While Sir COLL kept this farm to himself he granted out the ancestral Achahoish to Duncan ii of Auchinbreck, hoping doubtless thus to preserve malice, it seems, though Alexander was a crony of Campbell of Ormsary who had beleaguered Ascog. Failing heirs male of John's body, his brother Duncan was called to the succession, and finally the old clause of return was added as in 1410.

The fiar married in the grey spring of 1670 another Marie Campbell, daughter of Donald son of the late Sir Duncan, 2nd baronet of Auchenbreck in Glendaruel, by his wife Isobel McAllister. She brought him a tocher of £800 and he infeft her in Drum, "except and alwayes the aile housses," of which apparently there were more than one. Her parents were taken bound for a year and a day " to keip in house and familie with themselves the sd. Marie Campbell ther daughter & the sd. John Lamont hir future husband with his reasonable and necessar repaire to hir, and to intertaine them in bed boord meit and drink honestlie & sufficiently according to ther rank and quallite," while Alexander xi undertook hospitality for the next year and day. Young Monydrain, it seems, had no home of his own. By this time Moir McCorquodale was probably dead, and by 1684 her husband had taken a new lady, as appears from the marriage contract of their daughter Anna and Archibald Campbell, fiar of Easter Ardenconnel at Rhu on the Gareloch (including the ferry to Roseneath). It was witnessed at Kilmodan, a half-way house, by Auchagoyl and an Andrew Mcinturner, writer in Greenock, doubtless also of the tartan. The second wife of Alexander xi seems to have been the mother of Charles Campbell of Stronesker by Ederline, though her name is unkenned. Another daughter of Alexander was Margaret, who was married to an Archibald Anderson in the neighbouring Kilmory.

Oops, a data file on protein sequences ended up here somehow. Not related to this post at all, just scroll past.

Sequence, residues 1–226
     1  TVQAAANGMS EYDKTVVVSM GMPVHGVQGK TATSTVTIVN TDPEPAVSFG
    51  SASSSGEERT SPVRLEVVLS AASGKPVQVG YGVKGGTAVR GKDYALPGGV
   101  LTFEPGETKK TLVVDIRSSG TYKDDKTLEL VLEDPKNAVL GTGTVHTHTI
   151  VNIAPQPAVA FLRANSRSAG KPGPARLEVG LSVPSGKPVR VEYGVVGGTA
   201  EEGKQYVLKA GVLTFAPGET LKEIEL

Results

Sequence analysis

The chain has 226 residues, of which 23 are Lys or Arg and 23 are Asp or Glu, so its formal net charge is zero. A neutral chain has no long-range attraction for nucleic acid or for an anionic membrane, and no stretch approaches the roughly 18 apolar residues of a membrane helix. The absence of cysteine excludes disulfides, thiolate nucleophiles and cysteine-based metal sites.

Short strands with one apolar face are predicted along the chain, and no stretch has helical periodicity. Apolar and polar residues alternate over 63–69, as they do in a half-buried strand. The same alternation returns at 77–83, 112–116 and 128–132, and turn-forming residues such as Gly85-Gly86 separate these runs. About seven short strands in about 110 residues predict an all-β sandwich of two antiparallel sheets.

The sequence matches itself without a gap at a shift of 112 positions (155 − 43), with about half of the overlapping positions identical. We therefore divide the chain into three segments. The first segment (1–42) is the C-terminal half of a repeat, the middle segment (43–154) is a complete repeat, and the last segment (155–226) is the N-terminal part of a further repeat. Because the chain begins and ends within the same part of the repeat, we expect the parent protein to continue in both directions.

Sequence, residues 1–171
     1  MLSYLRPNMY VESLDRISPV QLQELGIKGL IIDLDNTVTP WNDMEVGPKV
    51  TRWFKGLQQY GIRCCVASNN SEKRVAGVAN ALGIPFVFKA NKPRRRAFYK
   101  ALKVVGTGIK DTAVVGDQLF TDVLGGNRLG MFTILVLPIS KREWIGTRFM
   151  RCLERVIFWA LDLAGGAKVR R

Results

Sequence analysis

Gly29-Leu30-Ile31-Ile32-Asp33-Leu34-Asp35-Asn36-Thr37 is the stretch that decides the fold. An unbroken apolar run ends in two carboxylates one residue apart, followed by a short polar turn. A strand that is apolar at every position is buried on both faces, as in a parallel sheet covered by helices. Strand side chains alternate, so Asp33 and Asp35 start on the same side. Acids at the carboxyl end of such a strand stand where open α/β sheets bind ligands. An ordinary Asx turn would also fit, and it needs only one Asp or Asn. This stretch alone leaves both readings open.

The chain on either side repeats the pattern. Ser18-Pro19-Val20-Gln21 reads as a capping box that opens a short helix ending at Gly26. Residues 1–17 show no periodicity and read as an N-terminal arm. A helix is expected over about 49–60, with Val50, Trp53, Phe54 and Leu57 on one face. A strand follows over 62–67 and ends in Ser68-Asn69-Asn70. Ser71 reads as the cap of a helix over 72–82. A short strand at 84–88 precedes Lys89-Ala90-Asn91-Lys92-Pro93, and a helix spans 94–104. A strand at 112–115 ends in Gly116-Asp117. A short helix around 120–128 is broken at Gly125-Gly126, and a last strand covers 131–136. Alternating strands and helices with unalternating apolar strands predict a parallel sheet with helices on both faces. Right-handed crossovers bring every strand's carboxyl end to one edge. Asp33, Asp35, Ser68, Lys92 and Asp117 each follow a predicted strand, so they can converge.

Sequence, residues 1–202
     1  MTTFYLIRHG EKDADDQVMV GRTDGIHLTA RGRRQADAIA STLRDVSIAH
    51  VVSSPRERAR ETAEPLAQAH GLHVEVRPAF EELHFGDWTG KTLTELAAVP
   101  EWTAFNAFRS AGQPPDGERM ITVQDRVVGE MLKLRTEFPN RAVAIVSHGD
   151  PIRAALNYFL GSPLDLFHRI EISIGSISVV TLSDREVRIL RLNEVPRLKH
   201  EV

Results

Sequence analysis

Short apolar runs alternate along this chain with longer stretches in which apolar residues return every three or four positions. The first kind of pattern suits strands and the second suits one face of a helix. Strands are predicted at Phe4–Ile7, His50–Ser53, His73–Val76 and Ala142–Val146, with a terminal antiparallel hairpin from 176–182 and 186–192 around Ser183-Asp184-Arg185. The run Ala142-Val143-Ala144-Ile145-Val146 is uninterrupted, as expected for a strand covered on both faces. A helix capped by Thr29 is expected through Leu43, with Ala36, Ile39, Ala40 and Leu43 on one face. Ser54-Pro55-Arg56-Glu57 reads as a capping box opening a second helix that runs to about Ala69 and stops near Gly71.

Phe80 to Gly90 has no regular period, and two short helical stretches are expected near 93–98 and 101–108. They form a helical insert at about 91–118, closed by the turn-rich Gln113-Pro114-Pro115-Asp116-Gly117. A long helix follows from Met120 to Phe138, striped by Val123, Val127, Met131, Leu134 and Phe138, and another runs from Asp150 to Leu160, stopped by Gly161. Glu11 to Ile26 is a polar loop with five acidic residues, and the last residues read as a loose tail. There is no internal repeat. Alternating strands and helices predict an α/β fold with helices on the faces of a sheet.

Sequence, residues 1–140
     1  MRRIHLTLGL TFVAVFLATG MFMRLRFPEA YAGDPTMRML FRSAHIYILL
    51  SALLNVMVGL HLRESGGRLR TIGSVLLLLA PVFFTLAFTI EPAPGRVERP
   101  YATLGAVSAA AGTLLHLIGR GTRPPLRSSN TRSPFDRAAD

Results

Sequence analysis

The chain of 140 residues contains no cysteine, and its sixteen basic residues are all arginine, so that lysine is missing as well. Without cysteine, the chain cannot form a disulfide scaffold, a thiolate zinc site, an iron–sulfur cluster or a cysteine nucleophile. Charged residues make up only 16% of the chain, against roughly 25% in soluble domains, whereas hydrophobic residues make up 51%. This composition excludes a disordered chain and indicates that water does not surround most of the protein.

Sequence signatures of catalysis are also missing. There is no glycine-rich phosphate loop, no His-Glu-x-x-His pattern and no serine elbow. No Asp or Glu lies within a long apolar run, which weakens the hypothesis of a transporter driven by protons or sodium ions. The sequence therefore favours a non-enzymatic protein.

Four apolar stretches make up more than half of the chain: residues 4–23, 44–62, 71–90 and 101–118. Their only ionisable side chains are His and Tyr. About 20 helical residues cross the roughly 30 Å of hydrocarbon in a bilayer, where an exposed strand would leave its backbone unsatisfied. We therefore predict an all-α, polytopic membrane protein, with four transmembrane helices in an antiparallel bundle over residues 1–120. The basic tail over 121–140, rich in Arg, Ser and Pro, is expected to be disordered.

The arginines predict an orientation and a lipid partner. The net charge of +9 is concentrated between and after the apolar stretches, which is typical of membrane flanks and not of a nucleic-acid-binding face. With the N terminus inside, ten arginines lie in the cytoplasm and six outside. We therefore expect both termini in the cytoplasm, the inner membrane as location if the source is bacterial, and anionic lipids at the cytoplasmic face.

Anna's tocher was only £300 in Scots money, for Monydrain was a spendthrift as his father before him, and figures often in record as a borrower. Maybe, like Sir JAMES XIV , the burden of his debts discounted the risks of civil war, for there is reason to jalouse his being concerned in either Argyll's invasion of 1685 or the Jacobite attempt of 1689. Stronalbanach guaranteed his good behaviour before the former (for first £333 and then £2000), but one remembers that at least a Malcolm Black, probably from Achahoish, and a Sorley Lamont in Drum, followed the bratach of MacCailein, while among the rebels was listed Duncan McSorley alias Lamont in Monydrain. The two last were, it seems, both sib to the laird, Duncan being bis brother, who later settled in Drum and (after John the fiar and his son) was reckoned the next heir to the estates, whom failing they were destined to an Angus in Monydrain, naturally identified with the Angus (formerly in Drum) known to have been a brother of the deported Sorley. Thus Alexander's kin were deeply involved in the treason of 1685, even if he himself kept in the background. But one kens that he had need of a safe-conduct from the authorities, and was made to pay a fine.